How Chiggers Work

Chigger Basics

Many people think of chiggers as blood-sucking insects, like fleas, ticks or mosquitoes. There are two problems with this belief. The first is that chiggers are not insects, and the second is that they don't eat blood. Chiggers are the larvae of harvest mites, and they consume the cells of their host's skin.

Harvest mites are arachnids -- they're related to ticks and spiders. Adults are small and red, and they have eight legs. They live in the soil, so people often find them while digging in yards or gardens. Adult harvest mites eat other insects and their eggs. They can be beneficial to human beings, since they often eat the eggs of other pests, such as mosquitoes.


Harvest mite larvae are another story. Like their adult forms, larvae are red, but they have six legs instead of eight. They are parasites that have to eat the tissues of living animals to survive. They're usually too small for a person to see, although you may be able to see groups of them on your skin.

The larvae hatch from spherical eggs that adult females lay on the ground. Harvest mites tend to lay all their eggs in one spot, which is one reason why infestations can be extremely localized. One patch of weeds might be full of newly hatched chiggers while a nearby patch has none.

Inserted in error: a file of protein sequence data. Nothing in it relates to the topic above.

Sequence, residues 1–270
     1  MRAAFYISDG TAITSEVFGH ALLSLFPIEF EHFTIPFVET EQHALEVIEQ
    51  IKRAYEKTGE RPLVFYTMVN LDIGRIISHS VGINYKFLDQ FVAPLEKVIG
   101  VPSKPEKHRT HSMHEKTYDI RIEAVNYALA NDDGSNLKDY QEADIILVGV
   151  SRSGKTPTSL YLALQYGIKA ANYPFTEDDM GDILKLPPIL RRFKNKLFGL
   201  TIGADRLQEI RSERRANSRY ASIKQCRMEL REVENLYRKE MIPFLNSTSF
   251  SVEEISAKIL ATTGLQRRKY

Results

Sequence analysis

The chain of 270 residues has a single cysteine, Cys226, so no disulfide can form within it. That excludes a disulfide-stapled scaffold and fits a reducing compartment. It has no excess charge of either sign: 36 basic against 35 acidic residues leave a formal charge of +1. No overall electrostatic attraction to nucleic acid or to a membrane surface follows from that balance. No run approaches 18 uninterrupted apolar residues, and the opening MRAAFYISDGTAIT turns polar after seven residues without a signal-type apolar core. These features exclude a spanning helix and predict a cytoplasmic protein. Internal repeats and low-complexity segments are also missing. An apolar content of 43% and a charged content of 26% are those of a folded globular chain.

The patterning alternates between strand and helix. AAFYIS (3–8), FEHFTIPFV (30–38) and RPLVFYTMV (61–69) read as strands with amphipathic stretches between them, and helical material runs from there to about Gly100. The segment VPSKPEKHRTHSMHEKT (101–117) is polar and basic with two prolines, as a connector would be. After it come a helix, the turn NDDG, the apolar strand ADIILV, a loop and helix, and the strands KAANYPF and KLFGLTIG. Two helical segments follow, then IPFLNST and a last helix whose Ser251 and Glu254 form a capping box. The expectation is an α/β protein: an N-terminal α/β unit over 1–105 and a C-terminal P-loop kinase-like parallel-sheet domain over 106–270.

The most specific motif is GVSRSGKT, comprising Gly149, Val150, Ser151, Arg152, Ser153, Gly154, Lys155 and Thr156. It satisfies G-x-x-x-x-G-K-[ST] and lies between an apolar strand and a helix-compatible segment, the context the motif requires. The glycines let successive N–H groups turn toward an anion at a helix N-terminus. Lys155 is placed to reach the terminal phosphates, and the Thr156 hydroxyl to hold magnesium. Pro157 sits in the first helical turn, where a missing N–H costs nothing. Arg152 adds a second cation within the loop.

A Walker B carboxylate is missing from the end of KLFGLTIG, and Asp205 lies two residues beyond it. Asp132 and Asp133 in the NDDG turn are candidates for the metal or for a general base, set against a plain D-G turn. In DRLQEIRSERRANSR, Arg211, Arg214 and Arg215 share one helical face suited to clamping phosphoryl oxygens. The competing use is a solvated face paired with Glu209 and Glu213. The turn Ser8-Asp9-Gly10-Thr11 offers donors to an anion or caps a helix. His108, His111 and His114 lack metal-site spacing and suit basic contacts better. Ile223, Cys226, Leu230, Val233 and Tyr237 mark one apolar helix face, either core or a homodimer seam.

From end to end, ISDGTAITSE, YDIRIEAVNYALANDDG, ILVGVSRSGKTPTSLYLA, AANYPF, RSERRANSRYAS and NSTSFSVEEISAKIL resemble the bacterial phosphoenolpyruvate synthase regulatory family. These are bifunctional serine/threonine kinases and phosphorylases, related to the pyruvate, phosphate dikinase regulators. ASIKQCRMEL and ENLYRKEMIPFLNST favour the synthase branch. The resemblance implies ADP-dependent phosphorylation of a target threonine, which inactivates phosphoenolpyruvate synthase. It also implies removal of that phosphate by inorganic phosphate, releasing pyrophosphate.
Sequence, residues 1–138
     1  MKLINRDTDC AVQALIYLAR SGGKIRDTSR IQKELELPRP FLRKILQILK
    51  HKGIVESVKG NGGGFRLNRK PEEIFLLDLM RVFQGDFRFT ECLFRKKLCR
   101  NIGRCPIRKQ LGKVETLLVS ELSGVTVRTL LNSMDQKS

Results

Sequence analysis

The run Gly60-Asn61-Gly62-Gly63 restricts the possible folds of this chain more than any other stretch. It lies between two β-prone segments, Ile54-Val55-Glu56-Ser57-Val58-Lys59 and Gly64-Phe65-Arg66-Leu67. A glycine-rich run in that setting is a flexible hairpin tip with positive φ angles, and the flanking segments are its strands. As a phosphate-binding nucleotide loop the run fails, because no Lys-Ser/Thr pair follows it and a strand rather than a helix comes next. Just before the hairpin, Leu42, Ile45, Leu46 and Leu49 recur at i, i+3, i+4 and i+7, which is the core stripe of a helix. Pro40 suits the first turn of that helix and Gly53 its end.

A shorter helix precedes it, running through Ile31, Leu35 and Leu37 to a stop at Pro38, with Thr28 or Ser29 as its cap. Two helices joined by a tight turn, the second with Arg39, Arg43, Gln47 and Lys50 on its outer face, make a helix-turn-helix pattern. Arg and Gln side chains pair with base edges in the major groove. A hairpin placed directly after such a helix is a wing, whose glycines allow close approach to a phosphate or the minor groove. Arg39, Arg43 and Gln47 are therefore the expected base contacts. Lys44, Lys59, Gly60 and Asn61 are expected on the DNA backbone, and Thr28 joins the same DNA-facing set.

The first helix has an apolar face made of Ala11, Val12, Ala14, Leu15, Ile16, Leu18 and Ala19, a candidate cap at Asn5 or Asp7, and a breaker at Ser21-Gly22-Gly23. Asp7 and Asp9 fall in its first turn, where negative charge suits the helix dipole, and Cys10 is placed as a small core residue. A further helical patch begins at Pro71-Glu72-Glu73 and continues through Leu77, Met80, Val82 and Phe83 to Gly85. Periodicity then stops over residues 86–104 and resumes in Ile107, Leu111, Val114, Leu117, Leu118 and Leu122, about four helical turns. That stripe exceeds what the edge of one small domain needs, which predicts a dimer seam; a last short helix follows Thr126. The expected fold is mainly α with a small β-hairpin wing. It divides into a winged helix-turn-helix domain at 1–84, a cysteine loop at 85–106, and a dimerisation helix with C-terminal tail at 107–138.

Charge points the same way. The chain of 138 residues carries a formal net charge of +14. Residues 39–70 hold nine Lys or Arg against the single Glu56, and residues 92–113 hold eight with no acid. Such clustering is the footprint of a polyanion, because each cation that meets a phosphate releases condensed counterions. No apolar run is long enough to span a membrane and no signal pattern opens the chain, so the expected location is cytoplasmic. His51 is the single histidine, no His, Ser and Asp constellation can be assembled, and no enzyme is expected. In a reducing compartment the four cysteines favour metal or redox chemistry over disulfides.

After having one complete meal, harvest mite larvae drop to the ground and molt into nymphs. Like adults, these nymphs aren't parasites. Instead, they eat insect eggs. The nymphs mature into adults, and the cycle begins again with a new set of eggs.

There are thousands of species of harvest mites living all over the world, with different species native to different regions. Some of the species that tend to be a nuisance to humans include Trombicula alfreddugesi, Neotrombicula autumnalis and Leptotrombidium deliense. Leptotrombidium deliense is common in parts of Asia, and it can carry scrub typhus, a bacterial disease that's fatal if untreated, but which can be cured with antibiotics. Chiggers in other parts of the world are not known to transmit diseases to humans.

Regardless of their species, most chiggers use the same method to acquire food. Next, we'll look at how chiggers find their victims. Then, we'll explore how they eat.